There’s many countries in the world who has a quite large production of quality welted footwear, yet still fly under the radar for most. One of these is Indonesia. In this article I go through a number of the interesting makers, of which a majority use hand welted construction, still with prices starting at below €200.
Cheaney has more than doubled their turnover and earnings the past decade, after Jonathan and William Church took over the company and moved it away from private label production to producing shoes under its own name, and also selling these themselves to a larger extent. Hear about this topic, the Prada buyout of Church’s, Brexit and more in episode 10 of the Shoegazing Podcast.
Shoemakers are in general quite artistic and creative people, and it often shows also in other areas than the specific footwear. One such example is the shoe trees, where we can find awesome pieces made by bespoke makers and/or their shoe tree makers. Here’s a look at some of my favourites.
Above is a picture of what many people would call the shoe shelf of shoe shelves. Almost 200 shoes on one single wall, of course found in the shoe heaven that is the shoe department of Isetan Men’s in Tokyo, Japan.
In the middle of Paris, a stone’s throw from Champs Élysée one find not only Berluti’s large flagship store, but also their large workshop for bespoke shoes. A big, well-trimmed business where shoes of absolute world class are manufactured. Shoegazing paid a visit.
One of the most common unusual fit problems, to use a complicated expression, is that the shoes pinch on top of the big toes when walking in them. A not always permanent problem, thankfully, about why this is the case and about why and how to avoid the problem if it stays, is what today’s article is about.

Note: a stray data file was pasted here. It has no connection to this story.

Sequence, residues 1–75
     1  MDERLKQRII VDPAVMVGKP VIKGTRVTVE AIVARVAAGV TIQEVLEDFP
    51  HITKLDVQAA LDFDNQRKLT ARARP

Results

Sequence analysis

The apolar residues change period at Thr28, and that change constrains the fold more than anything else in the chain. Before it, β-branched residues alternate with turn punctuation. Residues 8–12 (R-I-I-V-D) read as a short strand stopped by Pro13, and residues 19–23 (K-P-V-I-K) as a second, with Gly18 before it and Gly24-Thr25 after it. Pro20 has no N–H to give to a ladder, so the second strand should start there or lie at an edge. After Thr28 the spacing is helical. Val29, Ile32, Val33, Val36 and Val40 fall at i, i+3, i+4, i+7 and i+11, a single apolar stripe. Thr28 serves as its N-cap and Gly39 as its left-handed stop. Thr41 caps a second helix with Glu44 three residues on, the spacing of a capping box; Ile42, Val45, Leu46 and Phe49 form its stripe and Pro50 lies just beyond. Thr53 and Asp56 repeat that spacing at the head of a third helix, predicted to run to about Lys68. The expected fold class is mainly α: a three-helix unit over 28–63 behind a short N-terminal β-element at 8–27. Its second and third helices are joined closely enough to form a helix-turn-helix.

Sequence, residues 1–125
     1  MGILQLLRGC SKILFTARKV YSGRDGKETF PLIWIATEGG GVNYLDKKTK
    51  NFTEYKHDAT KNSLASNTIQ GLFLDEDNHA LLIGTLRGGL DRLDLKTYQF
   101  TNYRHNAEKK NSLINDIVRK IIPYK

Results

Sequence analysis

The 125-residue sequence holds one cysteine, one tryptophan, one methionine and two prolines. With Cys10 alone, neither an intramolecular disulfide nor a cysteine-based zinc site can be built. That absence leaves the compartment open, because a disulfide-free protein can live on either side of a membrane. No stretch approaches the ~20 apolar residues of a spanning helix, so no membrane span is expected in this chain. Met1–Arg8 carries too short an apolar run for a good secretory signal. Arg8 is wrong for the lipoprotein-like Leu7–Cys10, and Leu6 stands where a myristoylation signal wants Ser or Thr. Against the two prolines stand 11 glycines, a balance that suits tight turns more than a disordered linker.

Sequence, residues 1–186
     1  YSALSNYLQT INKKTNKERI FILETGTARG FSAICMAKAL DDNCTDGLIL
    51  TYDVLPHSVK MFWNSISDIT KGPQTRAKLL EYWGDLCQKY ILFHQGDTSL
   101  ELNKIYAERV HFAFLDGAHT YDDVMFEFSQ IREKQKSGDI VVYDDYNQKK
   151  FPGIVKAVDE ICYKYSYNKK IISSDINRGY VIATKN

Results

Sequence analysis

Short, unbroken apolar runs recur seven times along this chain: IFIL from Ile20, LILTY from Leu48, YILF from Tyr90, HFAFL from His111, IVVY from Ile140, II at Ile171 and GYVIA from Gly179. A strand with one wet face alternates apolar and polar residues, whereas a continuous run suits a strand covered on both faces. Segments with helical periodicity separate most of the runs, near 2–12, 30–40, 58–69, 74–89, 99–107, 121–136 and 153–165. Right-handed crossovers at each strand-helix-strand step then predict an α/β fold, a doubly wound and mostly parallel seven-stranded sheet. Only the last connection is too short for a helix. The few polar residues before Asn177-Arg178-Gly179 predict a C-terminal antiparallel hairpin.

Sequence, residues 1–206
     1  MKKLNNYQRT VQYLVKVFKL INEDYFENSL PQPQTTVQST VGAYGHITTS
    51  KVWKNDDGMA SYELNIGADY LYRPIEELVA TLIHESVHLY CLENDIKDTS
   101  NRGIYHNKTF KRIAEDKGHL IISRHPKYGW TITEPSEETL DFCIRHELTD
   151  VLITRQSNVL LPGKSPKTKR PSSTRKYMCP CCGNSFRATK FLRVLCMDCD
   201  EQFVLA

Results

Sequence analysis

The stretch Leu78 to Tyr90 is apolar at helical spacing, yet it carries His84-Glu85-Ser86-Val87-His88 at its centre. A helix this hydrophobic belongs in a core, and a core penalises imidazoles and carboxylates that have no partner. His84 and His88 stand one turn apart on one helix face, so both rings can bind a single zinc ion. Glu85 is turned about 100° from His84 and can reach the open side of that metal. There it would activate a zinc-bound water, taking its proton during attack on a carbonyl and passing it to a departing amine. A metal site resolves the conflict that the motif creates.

It’s not every day new brands that make shoes in their own factory in British Northampton pops up. Newman & Regent manufactures Goodyear welted RTW/MTO shoes in the lower midrange price segment, and also offers factory-made bespoke for about €850.
It’s becoming a tradition that I once a year highlight the news that has emerged in the market of quality sneakers. This isn’t Shoegazing’s focus area, but the interest is great, and as the quality of many of the sneakers has increased and now as more and more cobblers are offering resoling of the so-called Margom sole types, they have parts in common with classic quality shoes.
This old bespoke sample above from George Cleverley is a nice example of how them, and some earlier British makers like Nicolaus Tuczek, made their bottoms back in the days. A slim, very asymmetrical waist and a small, short heel with a heavily curved breast (the heel part facing front) and only brass nails in the back.
The Asian quality shoe industry, outside Japan, is much more evolved than what most Westerners tend to believe. And more is happening – fast. In this episode, we hear shoe expert Robin Chang, founder of the Taiwanese shoe store Oak Room, talk about Asian-made classic shoes.